"I expect a pretty good season this year because we had a pretty good nesting season," said DNR research biologist Dave Luukkonen.

Successful nesting has a two-pronged effect on the local population. Not only will there be a good number of young-of-the-year birds in the flock, but more adults will hang around, too.

Geese that have not reached breeding maturity, as well as mature adult geese that for whatever reason have not nested in the spring, normally leave the state on what biologists call a molt migration. They fly north in late May or early June and spend the summer in Canada's Hudson Bay or James Bay.   more...


 



Other  Watersports  

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In hot(ter) water

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Nicole Chartier looked out across Lake Huron as she lounged in the sun at the Caseville County Park beach.

It was her 17th birthday, and the lake's temperature was just right.

"It's perfect," said Chartier, a Bay City Western High School student. "I hate it when the water is really cold."

But is the water too warm?

Surface temperatures of the Great Lakes are measured by Coastwatch - a program that records environmental data and real-time observation of the Great Lakes. It is a combined effort by the Michigan Sea Grant Network and the National Oceanic and Atmospheric Administration.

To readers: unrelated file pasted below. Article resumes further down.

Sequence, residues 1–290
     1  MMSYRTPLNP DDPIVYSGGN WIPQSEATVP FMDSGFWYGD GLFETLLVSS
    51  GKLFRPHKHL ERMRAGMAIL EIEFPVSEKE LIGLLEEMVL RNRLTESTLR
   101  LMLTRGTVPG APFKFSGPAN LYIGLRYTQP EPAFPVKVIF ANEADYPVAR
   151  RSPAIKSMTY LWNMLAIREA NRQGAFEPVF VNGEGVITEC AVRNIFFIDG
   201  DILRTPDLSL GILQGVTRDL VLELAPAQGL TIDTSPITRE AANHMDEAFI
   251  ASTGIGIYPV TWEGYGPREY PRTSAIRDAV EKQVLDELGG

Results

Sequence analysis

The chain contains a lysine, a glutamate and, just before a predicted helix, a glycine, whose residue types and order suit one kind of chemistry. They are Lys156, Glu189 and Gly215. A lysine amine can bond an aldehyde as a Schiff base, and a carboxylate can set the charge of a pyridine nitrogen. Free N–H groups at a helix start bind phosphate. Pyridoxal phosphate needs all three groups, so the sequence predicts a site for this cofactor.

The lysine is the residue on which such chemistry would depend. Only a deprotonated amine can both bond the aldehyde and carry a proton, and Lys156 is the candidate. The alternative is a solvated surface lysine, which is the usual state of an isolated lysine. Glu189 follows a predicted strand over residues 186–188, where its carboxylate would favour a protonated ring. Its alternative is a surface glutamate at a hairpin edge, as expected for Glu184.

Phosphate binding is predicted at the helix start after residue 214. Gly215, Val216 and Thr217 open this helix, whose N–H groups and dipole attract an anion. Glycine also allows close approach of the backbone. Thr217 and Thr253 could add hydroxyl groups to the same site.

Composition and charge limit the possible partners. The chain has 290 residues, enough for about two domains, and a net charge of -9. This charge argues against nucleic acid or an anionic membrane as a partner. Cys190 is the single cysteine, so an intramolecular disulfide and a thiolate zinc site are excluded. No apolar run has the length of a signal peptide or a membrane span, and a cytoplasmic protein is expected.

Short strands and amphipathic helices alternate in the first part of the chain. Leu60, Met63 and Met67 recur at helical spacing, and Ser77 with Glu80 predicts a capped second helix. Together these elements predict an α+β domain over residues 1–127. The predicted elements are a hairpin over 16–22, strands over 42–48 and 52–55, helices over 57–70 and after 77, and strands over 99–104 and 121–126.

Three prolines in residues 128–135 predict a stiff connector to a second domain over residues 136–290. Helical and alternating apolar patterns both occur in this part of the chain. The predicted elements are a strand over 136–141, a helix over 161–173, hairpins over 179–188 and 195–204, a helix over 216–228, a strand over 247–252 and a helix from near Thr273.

The current temperature for Lake Huron is around 71.6, according to Coastwatch. The temperature at this time last summer was 65.8 degrees.

In Caseville, the water was nearly 79 degrees Tuesday.   more...

 



Environment  Other  

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Water-ski development rezoning approved

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ALLENDALE TOWNSHIP -- Karl De Looff is thrilled with the Township Board's decision to rezone property for a residential development with an 80-acre lake devoted to water skiing.

"To be honest, I'm giddy," the West Olive resident said. "I can't wait to be on private water."

De Looff and Eric Visser of Belding are partners in Recreational Development LLC, which plans the Placid Waters development for 168 acres on the northeast corner of 84th Avenue and Lake Michigan Drive.

The board rezoned the land from agricultural and rural to a planned unit development. Preliminary plans show 60 waterfront lots for single-family houses.

De Looff, a water-skiing enthusiast, said the partnership will break ground within a month and have two of the six bays of the lake dug by spring. The first house, which he said would be his, will be built next summer. The project is expected to be completed in 2009.    more...

 



Environment  Watersports  

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Battle brews over revived pine forests in Michigan

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GRAYLING, Mich. -- It's a blazing summer day, the mercury once again moving past 90 degrees, but in a patch of ancient woods northeast of this old logging town, it's cool and dark and damp. The white pines, some of them as big around as kitchen tables, stand 12 stories tall and are more than 300 years old.